Elitism generally refers to the (wrongful) centralization of power to a minority group which shares a particular ability, trait or character, such as wealth, education or breeding. People mostly hate elitism purely because it excludes them, but it is a natural fact of society that people with similar interests form groups. Unions and business clubs are the same thing in this regard, except that business clubs tend to work in their members’ interests far more often than do unions!
There is nothing wrong with having a lot of money. I doubt anyone, after some consideration, would have any objections to have plenty of it, but what gets one’s ire up is the way in which money is obtained, especially if it was by immoral means. There are wealthy people who have reached their status fairly and squarely on the foundations of good ideas, good management and good business principles alone, but the truth, if it were known, would probably be that the majority of the filthy rich did whatever it took to get there – all within the law of the land, of course, but rarely within the confines of moral law. They see life and money as a game, where understanding and exploiting the rules (and exploiting those who don’t understand the rules) is more important than trying to play fairly and not crush one’s opponent.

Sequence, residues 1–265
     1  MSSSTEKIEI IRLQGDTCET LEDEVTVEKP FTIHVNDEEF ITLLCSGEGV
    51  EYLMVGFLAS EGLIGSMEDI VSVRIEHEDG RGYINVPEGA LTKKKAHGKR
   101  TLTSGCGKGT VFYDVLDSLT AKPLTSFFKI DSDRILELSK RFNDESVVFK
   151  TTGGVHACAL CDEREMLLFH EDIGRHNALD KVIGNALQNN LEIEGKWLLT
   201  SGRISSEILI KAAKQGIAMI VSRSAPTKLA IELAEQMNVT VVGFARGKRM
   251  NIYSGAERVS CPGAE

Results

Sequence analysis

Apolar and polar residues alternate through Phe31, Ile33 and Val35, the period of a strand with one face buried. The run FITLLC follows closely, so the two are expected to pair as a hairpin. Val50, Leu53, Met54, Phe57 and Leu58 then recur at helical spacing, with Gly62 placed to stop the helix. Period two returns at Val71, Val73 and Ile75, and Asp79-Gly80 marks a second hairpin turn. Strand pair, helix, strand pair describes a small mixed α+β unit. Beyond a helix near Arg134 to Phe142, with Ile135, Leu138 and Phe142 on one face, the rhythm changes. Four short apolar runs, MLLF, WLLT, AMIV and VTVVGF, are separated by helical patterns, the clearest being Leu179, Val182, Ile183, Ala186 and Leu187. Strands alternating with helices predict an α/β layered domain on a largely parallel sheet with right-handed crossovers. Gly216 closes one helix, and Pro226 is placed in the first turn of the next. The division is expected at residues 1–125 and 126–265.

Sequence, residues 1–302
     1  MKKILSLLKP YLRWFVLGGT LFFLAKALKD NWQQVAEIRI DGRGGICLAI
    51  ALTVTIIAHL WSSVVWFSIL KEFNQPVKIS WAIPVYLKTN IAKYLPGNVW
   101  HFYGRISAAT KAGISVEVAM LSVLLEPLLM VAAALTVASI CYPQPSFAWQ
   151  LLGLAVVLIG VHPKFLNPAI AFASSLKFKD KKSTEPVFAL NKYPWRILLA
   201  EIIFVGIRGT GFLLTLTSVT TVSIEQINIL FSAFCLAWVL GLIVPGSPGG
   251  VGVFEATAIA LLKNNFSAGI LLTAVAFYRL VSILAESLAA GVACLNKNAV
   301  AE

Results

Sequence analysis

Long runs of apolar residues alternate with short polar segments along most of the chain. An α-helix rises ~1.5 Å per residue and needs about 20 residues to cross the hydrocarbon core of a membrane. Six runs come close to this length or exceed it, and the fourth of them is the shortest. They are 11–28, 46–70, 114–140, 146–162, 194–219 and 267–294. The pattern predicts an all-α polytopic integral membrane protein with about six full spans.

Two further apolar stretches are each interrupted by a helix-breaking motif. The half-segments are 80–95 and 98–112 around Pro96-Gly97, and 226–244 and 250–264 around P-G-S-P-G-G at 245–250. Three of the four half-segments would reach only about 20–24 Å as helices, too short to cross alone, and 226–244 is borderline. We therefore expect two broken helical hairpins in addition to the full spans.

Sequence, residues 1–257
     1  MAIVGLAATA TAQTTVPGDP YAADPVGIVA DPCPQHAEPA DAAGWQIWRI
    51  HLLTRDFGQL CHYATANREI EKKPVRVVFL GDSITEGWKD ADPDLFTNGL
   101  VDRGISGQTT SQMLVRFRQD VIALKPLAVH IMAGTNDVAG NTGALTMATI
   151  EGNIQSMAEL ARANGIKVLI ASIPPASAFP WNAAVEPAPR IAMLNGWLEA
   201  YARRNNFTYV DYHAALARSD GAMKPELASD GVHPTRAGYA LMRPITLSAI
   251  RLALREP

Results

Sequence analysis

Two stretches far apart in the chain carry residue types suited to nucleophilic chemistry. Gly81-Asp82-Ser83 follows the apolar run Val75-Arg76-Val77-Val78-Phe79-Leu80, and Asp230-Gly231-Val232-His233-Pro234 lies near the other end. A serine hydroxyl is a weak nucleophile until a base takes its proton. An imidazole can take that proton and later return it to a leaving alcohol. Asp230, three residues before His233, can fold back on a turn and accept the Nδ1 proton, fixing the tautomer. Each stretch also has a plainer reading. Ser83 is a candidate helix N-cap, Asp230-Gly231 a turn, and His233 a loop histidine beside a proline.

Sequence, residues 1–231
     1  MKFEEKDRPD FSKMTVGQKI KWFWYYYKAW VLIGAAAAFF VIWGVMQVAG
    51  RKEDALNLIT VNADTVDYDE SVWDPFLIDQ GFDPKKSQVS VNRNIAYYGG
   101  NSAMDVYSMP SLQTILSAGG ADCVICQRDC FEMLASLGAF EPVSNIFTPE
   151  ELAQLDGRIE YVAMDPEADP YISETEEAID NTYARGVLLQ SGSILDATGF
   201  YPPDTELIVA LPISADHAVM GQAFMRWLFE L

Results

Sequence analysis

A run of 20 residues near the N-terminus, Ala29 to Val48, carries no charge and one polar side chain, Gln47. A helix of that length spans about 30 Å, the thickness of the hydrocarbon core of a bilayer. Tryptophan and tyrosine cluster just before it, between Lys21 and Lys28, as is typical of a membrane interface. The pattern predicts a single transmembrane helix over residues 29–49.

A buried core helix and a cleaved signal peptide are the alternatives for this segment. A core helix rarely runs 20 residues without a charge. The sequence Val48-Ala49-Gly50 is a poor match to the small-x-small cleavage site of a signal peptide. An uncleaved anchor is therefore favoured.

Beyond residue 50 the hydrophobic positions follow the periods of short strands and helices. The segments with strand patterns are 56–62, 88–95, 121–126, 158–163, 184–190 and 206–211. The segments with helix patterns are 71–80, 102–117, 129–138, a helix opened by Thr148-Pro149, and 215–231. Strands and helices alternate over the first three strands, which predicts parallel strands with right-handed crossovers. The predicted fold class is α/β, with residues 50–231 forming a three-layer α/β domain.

A similar situation exists with education. There is nothing wrong with being intelligent, educated, academically accomplished, but growing numbers of people with academic degrees are obtaining them undeservedly, getting ‘helped’ through, followed by getting plum jobs and so forth. In the Financial Times, an article appears bemoaning the “shocking” rise in elitism among the Professions in the United Kingdom. It describes how, among groups such as lawyers, fewer and fewer ‘outsiders’ are admitted into the ranks. The profession remains within families, who, by means of the wealth generated by the profession, are able to afford to send their children to the private schools which feed the universities which in turn train the lawyers. Internships and other important appointments are then given to the favorites, either on the basis of long standing friendships, club membership or family ties. It’s a typical story of the class divisions which the English speaking world seems unable to shake off.
The problem with the public debate is that the wrong phenomenon (elitism) is being identified as being a problem. The real problem is the erosion of meritocracy.